In last month’s Pastor’s Pen I spoke about the purpose/mission of NPBC. That purpose or mission is to worship and glorify God and to ‘make disciples’ of Jesus Christ in obedience to the Great Commission (Matthew 28:19-20). I then described what a disciple actually is using the verse, Matthew 4:19. A disciple is someone who is ‘following Jesus’; is someone who is ‘being changed by Jesus’; and is someone who is also ‘committed to the mission of Jesus’. Over the next few months I want to outline briefly how we should go about this task of ‘making disciples’. Making disciples of Jesus Christ involves following a certain method (known as the 4 “P’s”).
Before we explore that, though, let me point out that ultimately the work of making disciples is a spiritual work that can only be accomplished by God – only God can change the heart of a person and bring about spiritual regeneration (c.f. Ephesians 2:1 -9; John 6:44). Making disciples is God’s work, achieved however, as His word and Spirit work through the activity of his disciples and in the hearts of those they speak to. Therefore, the method that we employ in making disciples involves following the 4 “P’s”. We will focus individually on each of these over the next 4 months. Here is the first one…
1. Proclamation of the word of God – In the New Testament the word of God is the basic means for creating and growing disciples. The content of this ‘word’ is essentially the plan and promises of God centred around Jesus Christ. If we were to summarise this, it might read like this: God has fulfilled his age-long plans for His creation through sending His Son, born in the line of David, to die for sins and rise again as Saviour, Lord and Christ of all the world, so that people dwelling in spiritual darkness from every nation might now hear his call to repentance and faith, be forgiven, reconciled and justified, and life a life that increasingly seeks to obey all his commandments, as they await the sure hope of entering his eternal kingdom. This one message of Jesus Christ is the message of the Bible. So we proclaim the word of God by teaching the Bible.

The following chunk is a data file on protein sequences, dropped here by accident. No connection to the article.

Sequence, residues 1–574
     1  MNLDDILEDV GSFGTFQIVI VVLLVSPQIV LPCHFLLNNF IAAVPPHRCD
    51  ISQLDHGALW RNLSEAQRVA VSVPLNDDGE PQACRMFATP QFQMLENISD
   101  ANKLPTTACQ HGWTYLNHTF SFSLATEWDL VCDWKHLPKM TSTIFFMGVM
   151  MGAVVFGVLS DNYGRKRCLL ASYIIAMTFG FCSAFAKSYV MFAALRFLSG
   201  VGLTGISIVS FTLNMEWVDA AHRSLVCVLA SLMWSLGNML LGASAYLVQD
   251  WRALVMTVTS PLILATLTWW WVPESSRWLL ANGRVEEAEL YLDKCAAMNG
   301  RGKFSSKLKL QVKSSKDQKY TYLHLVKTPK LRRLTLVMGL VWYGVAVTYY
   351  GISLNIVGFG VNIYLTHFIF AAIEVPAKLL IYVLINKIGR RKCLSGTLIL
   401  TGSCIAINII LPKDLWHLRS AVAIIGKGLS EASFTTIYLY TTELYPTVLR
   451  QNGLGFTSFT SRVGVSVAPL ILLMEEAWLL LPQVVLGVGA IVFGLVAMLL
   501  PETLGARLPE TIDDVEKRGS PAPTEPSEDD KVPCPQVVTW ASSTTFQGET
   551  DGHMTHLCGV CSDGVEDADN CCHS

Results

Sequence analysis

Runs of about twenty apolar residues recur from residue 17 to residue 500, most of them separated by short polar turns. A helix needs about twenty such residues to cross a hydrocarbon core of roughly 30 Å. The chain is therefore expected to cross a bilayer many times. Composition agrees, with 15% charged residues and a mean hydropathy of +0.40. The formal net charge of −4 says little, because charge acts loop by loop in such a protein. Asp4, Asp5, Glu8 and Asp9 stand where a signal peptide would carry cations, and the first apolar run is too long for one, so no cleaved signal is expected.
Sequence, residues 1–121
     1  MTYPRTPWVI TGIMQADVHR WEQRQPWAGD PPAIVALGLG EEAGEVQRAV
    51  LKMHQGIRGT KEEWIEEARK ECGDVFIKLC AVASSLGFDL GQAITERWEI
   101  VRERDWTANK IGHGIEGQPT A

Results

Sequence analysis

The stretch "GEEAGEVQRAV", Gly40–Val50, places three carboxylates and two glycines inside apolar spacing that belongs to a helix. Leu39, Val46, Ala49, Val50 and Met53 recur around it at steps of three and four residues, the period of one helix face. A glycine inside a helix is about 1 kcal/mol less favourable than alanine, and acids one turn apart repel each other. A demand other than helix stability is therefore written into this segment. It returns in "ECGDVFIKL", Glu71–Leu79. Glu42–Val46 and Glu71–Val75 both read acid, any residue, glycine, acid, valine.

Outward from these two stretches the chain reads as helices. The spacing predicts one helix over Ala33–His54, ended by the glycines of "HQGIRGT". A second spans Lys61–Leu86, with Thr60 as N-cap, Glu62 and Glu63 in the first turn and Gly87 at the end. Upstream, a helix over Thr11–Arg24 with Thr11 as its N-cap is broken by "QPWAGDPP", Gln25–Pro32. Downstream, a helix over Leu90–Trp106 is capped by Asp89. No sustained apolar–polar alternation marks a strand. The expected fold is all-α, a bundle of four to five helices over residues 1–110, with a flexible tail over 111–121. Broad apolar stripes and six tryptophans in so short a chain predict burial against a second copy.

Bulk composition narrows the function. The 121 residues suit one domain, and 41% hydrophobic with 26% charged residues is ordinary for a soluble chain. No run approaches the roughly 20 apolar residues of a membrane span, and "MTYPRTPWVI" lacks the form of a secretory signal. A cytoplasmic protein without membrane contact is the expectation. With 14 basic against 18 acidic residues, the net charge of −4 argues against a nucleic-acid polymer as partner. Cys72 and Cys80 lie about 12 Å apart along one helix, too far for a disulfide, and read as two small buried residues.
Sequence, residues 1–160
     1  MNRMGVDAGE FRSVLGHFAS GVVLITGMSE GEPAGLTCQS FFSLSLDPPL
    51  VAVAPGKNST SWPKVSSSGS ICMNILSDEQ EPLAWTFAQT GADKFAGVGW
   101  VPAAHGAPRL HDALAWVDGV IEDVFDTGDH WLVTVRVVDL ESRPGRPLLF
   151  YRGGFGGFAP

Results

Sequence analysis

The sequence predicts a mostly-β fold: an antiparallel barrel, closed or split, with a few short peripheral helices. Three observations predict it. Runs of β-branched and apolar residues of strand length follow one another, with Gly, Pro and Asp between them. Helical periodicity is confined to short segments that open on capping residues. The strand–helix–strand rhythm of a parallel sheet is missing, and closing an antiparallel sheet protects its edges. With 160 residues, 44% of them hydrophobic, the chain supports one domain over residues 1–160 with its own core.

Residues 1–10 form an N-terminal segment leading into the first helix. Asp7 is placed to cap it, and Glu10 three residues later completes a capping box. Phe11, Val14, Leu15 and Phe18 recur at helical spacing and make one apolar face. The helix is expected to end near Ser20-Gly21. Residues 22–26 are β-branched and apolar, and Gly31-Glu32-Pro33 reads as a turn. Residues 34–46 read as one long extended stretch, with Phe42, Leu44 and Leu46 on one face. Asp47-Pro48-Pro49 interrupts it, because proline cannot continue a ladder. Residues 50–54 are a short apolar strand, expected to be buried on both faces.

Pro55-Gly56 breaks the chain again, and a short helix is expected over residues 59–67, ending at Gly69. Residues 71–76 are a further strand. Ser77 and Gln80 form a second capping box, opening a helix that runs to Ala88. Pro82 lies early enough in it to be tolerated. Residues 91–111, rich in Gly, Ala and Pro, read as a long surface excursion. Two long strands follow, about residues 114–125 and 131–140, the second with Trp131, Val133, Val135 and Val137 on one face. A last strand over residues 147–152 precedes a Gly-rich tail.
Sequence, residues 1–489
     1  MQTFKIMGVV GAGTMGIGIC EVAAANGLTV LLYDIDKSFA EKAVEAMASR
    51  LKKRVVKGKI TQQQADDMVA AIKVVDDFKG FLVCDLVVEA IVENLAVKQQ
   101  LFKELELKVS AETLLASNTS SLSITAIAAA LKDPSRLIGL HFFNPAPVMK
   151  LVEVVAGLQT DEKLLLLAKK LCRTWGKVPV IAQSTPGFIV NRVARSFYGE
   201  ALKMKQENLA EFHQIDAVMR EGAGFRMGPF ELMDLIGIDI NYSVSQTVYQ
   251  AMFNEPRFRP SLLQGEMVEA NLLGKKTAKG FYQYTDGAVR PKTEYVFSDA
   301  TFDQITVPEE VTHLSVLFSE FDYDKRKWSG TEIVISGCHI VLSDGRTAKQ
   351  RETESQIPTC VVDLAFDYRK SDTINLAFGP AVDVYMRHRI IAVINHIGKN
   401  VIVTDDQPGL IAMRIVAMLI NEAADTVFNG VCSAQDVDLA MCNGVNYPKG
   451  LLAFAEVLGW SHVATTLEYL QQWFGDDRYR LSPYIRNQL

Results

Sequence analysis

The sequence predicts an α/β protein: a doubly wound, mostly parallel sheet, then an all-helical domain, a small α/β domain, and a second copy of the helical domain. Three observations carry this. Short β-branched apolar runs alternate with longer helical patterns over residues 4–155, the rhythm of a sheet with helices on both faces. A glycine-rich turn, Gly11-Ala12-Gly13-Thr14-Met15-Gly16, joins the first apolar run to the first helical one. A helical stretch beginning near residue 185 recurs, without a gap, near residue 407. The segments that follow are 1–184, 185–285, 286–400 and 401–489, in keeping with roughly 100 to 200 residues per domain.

The Bible is our authoritative and sufficient source for truly and faithfully knowing the word and speaking the word. It is this word that must be proclaimed, not just some inspirational thoughts about how to improve one’s life. If we truly believe that the Bible is God’s powerful word, then what we want to see flourish in our church culture is as many instances as possible of the Bible being spoken, read, studied, preached, explained, discussed, prayed over, and meditated upon. Of course, the contexts in which God’s word might be proclaimed are broad and multi-faceted – e.g. in private conversations; in a written note or email; on social media; in preaching to a large group or spoken about in a small group; it can take place in homes, in school playgrounds, in workplaces; at coffee shops or cafes; etc.
Martin Luther, speaking about the importance of the proclamation of the word of God in the making of disciples states, “One thing, and only one thing, is necessary for Christian life, righteousness and freedom. That one thing is the most holy word of God, the gospel of Jesus Christ, as Christ says in John 4:4, ‘Man shall not live on bread alone but by every word that proceeds from the mouth of God’. Let us then consider it certain and firmly established that the soul can do without anything except the word of God. If the soul has the word then it is rich and lacks nothing since it is the word of life, truth, light, peace, righteousness, salvation, joy, liberty, wisdom, power, grace, glory, and of every incalculable blessing.”
Here are some Bible verses to meditate upon that speak of the word of God as being so essential in these things: Psalm 119:105,130; Isaiah 55:11; Romans 1:16-17; Romans 10:12-14; 2 Timothy 3:16-17; Hebrews 4:12; 1 Peter 1:23,25; James 1:22.
Next month we will discuss the next ’P’ – Prayerful dependence upon the Spirit of God. Until then…
*Adapted from ‘The Vine Project’ by Colin Marshall and Tony Payne © Matthias Media 2016